Syria (which in its historical wider sense includes modern Syria, Lebanon, Israel/Palestine and Jordan) has always been at the centre of events of world importance. It was in this region that pastoral-stock rearing, settled agriculture and alphabetic writing were invented (and the dog domesticated). From Syria, Phoenician explorers set out to explore the whole Mediterranean region and sailed round Africa 2,000 years before Vasco de Gama. These are achievements enough but the succeeding centuries offer a rich tapestry of turbulent change, a cycle of repeated conquest, unification, rebellion and division. John D Grainger gives a sweeping overview (though replete with telling details) of the making of this historical region. From the end of the ice age through the procession of Assyrian, Phoenician, Persian, Greek, Roman, Arab, Turkish, French and British attempts to dominate this area, the key events and influences are clearly explained and analysed. The events playing out on our TV screens over recent years are put in the context of 12,000 years of history.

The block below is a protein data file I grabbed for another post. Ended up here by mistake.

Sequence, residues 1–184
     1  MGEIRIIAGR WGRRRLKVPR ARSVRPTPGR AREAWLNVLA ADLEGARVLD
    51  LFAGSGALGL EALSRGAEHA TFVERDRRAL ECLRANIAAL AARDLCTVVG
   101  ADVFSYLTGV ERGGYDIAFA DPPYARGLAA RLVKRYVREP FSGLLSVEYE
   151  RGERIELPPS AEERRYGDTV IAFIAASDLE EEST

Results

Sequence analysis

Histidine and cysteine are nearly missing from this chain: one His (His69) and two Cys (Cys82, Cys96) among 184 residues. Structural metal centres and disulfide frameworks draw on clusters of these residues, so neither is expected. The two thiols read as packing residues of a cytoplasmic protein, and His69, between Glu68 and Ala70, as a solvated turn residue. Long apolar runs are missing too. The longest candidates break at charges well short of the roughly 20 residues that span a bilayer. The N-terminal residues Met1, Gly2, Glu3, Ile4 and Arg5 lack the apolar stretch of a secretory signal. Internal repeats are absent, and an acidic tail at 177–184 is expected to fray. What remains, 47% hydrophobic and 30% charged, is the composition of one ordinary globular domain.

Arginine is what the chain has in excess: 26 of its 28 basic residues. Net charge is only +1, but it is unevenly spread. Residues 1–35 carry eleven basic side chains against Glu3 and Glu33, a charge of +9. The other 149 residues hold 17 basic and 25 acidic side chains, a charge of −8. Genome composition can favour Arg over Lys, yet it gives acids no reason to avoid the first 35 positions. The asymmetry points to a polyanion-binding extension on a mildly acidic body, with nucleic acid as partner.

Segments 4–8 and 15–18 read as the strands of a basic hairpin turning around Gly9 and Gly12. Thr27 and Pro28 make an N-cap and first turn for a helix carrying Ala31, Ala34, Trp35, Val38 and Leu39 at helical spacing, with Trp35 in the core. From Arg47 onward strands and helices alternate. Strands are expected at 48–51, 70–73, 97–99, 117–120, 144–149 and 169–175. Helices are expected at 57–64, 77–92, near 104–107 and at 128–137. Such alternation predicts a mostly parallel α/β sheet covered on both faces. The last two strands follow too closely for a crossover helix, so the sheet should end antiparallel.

John D Grainger is a former teacher and historian of great experience, with a particular interest in the Classical and Hellenistic Greek periods. His many previous works include five for Pen & Sword: Hellenistic and Roman Naval Wars (2011), The Wars of the Maccabees (2012), Traditional Enemies (2012); Roman Conquests: Egpyt and Judaea (2013) and The Rise of the Seleukid Empire (2014). He lives in Evesham,Worcestershire.